In a season where the Miami Marlins have not won many games, there are still valuable lessons I have learned about this team so far in 2019.
Like I’ve discussed before, it’s hard at times to separate being a sports fan and covering the team you like. It’s been a bit of a struggle this year deciphering between the two when it comes to the Miami Marlins.
I haven’t covered Major League Baseball as long as some of our other writers here at Fansided, but I have come to live with excitement and heartache just like other fans of the team down in South Florida. And as a fan of baseball for the past 44 years, I have come to understand the difference between the “haves”. and the “have not’s.”
This Marlins team is a mixture of both. This first half of baseball, despite a losing record, is proof this team has plenty of upside, but doesn’t have enough short-term success.
Derek Jeter and Michael Hill knew this reclamation project they created wouldn’t be fixed in a day or season, but I think it might resolve itself quicker than the front office or the national media may have thought. I’ll call this a hunch right now because I see progress. With progress comes excitement. With excitement comes hope.
More from Marlins News
- Miami Marlins news: Another target gone
- Why didn’t the Miami Marlins sign JDM?
- Miami Marlins rejected Boston‘s trade offer
- Miami Marlins are pursuing Michael Conforto
- Miami Marlins need to spend to win
I’m not sure that hope is a dangerous thing right now especially for fans who have wanted a playoff contender since 2003 and a winning ball club since 2009. For those who have stuck around and continue to wear their team’s colors with pride, I salute you. Whether it is a passionate plea from Glenn Geffner to get more fans out to the ballpark, or manager Don Mattingly telling us in the media that he sees continued progress on the field and in the pitching rotation, these Marlins could be a surprise in the second half of 2019.
The idea of them winning 70 to 75 games as I predicted may be out the window, but I’ll take progress any day of the week over a set win total.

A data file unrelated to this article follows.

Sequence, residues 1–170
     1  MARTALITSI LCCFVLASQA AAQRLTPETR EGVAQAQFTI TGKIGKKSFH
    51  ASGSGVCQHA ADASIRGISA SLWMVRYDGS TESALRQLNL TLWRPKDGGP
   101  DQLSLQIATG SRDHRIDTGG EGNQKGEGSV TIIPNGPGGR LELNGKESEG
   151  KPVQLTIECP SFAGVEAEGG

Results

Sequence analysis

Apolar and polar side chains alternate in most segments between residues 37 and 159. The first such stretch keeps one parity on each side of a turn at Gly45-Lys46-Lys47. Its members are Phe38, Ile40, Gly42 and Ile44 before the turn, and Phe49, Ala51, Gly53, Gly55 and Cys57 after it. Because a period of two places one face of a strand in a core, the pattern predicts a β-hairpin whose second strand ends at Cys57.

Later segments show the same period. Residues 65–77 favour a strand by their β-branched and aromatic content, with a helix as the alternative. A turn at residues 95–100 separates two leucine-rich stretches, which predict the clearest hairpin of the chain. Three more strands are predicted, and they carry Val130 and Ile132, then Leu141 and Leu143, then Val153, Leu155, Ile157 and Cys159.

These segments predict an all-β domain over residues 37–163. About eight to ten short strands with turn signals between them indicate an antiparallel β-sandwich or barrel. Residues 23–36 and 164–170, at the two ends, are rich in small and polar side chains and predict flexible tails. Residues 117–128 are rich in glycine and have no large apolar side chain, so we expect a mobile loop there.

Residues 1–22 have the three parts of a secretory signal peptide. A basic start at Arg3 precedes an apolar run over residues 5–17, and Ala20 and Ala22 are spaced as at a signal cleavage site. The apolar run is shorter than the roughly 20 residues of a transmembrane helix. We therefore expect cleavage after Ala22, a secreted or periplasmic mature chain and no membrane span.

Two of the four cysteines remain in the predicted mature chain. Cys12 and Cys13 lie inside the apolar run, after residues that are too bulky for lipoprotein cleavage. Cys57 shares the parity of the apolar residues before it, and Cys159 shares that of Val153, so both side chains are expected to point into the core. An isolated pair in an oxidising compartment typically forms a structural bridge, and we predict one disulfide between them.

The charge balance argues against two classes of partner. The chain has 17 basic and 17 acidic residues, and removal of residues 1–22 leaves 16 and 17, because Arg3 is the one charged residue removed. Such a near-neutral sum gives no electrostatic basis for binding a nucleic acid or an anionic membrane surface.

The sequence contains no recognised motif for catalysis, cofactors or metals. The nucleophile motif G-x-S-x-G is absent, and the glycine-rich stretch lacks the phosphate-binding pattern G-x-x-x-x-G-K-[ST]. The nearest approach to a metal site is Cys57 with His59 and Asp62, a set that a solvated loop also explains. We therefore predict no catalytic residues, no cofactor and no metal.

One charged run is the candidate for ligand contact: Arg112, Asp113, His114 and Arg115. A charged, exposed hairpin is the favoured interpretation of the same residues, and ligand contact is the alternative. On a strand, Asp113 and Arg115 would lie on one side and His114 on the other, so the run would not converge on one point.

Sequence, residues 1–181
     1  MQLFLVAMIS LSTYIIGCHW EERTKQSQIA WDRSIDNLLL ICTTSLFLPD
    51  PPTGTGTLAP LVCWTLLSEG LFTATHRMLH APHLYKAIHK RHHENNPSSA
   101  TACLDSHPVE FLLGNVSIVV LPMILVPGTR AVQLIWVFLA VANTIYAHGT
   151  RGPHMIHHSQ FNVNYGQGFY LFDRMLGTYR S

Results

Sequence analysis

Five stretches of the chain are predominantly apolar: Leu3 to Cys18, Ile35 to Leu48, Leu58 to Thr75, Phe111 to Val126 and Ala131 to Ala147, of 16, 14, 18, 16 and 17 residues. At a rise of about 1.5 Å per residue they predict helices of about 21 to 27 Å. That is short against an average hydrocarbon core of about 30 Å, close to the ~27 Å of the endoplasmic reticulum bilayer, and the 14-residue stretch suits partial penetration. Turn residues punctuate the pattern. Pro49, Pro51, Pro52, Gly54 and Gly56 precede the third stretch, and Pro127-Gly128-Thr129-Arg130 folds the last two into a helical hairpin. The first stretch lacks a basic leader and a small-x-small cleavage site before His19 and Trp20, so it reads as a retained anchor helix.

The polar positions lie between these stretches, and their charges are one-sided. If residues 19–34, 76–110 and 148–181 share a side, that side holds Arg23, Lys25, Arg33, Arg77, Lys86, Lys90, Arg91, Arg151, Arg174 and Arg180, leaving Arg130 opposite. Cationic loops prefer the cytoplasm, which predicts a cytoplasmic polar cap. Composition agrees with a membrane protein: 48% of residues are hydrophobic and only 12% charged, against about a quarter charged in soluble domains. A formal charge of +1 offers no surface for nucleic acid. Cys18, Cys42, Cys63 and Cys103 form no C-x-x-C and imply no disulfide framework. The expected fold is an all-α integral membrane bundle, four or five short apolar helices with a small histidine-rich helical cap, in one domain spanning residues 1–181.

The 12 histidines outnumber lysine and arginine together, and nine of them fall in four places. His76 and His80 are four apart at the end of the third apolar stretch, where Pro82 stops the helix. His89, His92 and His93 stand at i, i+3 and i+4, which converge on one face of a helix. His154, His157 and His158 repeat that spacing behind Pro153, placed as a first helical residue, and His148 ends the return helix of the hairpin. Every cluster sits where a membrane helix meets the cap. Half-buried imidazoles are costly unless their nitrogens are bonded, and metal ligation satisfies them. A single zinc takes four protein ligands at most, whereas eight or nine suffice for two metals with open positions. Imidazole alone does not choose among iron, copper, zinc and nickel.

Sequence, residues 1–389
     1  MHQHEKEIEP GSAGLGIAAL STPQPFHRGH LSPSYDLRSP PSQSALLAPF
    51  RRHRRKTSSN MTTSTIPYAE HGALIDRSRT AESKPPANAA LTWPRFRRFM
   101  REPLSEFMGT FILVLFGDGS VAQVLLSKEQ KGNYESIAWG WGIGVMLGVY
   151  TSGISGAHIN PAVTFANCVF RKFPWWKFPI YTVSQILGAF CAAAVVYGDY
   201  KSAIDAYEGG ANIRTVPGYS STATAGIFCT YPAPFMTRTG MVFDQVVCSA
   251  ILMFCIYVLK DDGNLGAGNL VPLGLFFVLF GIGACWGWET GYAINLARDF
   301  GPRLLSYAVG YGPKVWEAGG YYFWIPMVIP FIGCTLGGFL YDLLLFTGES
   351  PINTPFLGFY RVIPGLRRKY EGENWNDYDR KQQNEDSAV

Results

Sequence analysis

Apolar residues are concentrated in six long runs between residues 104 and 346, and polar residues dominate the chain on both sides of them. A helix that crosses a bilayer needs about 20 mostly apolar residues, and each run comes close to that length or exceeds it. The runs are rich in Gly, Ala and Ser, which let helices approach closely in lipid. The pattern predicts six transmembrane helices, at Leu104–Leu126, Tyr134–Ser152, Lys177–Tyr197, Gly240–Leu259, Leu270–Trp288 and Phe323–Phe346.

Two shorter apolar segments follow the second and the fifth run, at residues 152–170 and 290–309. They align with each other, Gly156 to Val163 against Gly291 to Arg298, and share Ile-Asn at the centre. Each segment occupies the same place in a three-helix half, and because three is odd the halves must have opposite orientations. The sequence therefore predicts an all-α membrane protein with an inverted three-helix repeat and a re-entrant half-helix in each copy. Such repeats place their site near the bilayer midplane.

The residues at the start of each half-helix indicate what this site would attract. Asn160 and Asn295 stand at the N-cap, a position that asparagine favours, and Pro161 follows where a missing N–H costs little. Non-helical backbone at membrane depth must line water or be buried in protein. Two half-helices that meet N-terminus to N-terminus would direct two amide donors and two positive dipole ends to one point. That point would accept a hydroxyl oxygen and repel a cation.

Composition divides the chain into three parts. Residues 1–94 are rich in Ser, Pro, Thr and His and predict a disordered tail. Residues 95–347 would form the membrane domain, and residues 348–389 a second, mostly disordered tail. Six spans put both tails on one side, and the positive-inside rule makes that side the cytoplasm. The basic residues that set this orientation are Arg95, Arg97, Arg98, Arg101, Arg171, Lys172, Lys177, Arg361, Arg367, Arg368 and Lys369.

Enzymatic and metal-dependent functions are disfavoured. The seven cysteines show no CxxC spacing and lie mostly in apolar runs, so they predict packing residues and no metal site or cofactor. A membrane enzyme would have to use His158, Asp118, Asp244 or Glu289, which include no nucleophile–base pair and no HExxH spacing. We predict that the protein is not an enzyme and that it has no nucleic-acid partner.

This is a ball club that must score runs, something that has been hard to come by. There is still no feared bat in the middle of their order. Garrett Cooper has shown flashes of being as that guy. Brian Anderson has had more pop in his swing of late. Jorge Alfaro has proven to be someone who can hit the long ball. In reality, we may not see a feared power hitter in this lineup until minor-league prospects are brought up to the Show.
The front office knew that the Marlins needed heavy hitters, and addressed it in this year’s MLB draft. Those players, however, are a few years away from calling Miami their home. Unless the organization decides that they want to trade key prospects for power hitters, this is a trend that might continue.
Marlins have more than just five solid young pitchers in their rotation. Through injury to 60 percent of the starting five from Opening Day, the team found out that their second wave of arms could be just as good if not better than the ones that they projected as future stars. It might have been the best thing to happen to this ball club so far this season.
Now decisions must be made.
Will Caleb Smith be traded, as he has been mentioned in stories on FanSided with the Philadelphia Phillies and Atlanta Braves? What will the team do with Zac Gallen? Jose Urena figured to be a player on the move until he hurt his back. That creates a bit of change in the team’s philosophy of making deals at the trade deadline.
The organization must decide as well what to do with Starlin Castro, Neil Walker, Curtis Granderson, and Martin Prado. None of the four veterans figure to be on the 2020 roster. Closer Sergio Romo is also a name that has been mentioned in trade rumors. I wonder if the Marlins would consider trading one of their original five starters for everyday help. If it isn’t Smith, then who becomes the target of contenders’ eyes?
The Marlins and 29 other teams get a break in the action for the All-Star festivities. This doesn’t mean this team will be dormant over the next few days. Jeter and his staff are working diligently to determine what moves will be made over the course of the next six weeks. What is decided will likely impact his team over the course of the next few seasons.
Jeter and Hill have been very careful in moving chess pieces of late. Hopefully, that means puzzle pieces they hope to acquire will have an immediate impact. If not, questions about the direction of the Marlins begin again.
Enough progress has been made over the course of the last four months that we all can see a difference in the shape of this ball club. The Marlins are becoming a fun baseball team to watch. I only hope, as a fan and a writer, they continue this trend and not take another step backward.